We know what you’re thinking, and no, this study is not merely the hobby of some perv scientist — it actually has some health relevance. Apparently, electrosurgery of the penis is not uncommon. But how much electricity is too much? Well, three researchers volunteered their penises to find out. Ouch!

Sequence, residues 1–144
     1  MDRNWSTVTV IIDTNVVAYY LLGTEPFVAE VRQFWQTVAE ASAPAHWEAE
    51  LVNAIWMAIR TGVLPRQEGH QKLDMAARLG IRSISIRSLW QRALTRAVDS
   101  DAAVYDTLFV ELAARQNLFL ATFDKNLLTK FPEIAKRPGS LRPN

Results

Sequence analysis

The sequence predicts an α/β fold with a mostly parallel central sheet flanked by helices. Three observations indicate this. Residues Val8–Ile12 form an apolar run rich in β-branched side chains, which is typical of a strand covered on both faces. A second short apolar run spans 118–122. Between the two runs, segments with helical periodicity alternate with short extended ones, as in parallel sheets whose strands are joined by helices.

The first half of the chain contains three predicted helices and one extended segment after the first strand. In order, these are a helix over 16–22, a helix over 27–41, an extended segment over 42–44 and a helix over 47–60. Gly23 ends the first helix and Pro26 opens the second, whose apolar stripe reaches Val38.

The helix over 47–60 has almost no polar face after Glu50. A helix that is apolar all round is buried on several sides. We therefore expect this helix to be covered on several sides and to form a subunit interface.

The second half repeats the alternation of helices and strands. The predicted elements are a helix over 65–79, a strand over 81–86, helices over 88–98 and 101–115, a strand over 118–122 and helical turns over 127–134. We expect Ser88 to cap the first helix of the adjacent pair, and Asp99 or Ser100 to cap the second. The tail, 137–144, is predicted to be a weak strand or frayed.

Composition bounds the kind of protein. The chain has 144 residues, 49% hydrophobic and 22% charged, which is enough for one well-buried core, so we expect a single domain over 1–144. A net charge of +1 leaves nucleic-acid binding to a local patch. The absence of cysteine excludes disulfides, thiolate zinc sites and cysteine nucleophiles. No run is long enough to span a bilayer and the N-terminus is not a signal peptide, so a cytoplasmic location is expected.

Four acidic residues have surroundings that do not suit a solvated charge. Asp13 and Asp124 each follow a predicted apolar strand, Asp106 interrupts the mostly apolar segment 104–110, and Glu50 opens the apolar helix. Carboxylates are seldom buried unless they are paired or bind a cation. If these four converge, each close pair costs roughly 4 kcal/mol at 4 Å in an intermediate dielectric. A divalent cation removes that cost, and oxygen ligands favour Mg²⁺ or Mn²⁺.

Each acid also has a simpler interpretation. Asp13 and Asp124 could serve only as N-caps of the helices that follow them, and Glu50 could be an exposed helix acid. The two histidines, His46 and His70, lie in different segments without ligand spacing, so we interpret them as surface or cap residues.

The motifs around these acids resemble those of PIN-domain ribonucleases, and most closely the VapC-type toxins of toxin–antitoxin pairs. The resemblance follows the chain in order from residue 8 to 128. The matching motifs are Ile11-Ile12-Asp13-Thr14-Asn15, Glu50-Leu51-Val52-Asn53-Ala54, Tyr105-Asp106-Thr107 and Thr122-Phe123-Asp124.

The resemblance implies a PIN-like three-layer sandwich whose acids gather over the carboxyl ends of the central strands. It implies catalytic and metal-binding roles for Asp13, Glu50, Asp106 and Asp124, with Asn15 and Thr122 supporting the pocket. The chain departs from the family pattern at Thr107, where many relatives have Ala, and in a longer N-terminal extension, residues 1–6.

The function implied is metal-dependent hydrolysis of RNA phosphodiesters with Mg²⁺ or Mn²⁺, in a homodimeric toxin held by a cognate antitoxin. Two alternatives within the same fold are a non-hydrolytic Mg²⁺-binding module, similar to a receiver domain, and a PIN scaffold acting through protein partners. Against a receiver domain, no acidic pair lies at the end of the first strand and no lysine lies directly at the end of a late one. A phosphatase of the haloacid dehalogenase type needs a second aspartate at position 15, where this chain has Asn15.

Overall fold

“Electrosurgery has been a surgical application since the late 19th century. Although many urologists take this daily application for granted, the effects of electrical treatment on penile nerves and vessels have not been well documented. Aim. To investigate the electrical characteristics of the penis and erectile tissues and to discover the potential hazards of electrosurgery on the penis. Methods. Measurement of the electrical characteristics of three human penises in order to create models to analyze the effect of electricity on penile nerves and vessels. Main Outcome Measures. Electrical resistivity of the penile shaft, electrical current density, and electric field strength on penile nerves and vessels, proportion of generated heat on the penis and electrical current density of the electrosurgery return electrode. Results. Electrical resistivity (rho) of the penile shaft is 127.14 Omega . cm at 500 kHz. Electrical current density (J) of the penis shaft is 71.06 mA/cm(2), nerve (60.23 mA/cm(2)), vessel (67.93 mA/cm(2)), and return electrode (2.11 mA/cm(2)). Electrical field strength (E) of the whole penis shaft is 9.03 volt/cm. The proportion of generated heat on the penis is four times as much as on other body parts of the circuit. Conclusions. Potential and subclinical injury to erectile tissue caused by electrosurgery on the penis cannot be underestimated. The injury mechanism can be attributed to a thermal (electrical current) effect and a nonthermal (mainly electrical field) effect. Ways to avoid the electrosurgical injury are: using less power (W)/electrical field and less time, biopolar electrosurgery confining the injured area, ligation to achieve hemostasis, and new laser technologies.”
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